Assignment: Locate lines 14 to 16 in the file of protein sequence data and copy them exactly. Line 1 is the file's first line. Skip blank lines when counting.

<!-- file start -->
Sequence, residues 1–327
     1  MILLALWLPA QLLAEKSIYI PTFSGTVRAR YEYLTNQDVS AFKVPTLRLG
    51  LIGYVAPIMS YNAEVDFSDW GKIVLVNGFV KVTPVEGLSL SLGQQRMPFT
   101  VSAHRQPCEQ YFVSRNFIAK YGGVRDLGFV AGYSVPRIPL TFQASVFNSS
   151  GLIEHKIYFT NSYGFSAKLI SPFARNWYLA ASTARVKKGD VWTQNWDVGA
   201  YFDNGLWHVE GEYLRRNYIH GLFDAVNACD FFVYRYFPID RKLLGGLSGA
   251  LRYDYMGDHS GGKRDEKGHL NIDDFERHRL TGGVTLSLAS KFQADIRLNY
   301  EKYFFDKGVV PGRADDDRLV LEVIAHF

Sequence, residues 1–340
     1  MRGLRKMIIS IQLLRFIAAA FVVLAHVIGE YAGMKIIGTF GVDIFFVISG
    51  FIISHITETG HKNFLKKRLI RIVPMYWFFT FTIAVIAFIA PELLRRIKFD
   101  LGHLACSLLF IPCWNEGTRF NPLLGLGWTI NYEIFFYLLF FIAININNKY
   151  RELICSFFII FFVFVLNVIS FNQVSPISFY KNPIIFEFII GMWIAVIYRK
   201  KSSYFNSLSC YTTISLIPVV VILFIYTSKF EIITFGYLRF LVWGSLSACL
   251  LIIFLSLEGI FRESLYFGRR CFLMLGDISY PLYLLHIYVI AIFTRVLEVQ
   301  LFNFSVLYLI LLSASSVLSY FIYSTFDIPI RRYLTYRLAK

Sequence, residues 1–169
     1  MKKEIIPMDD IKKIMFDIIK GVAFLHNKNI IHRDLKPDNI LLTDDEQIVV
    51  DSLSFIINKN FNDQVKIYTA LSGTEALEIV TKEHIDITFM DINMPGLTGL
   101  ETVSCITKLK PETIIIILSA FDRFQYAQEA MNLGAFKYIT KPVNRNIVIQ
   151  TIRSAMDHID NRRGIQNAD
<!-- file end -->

   201  KSSYFNSLSC YTTISLIPVV VILFIYTSKF EIITFGYLRF LVWGSLSACL
   251  LIIFLSLEGI FRESLYFGRR CFLMLGDISY PLYLLHIYVI AIFTRVLEVQ
   301  LFNFSVLYLI LLSASSVLSY FIYSTFDIPI RRYLTYRLAK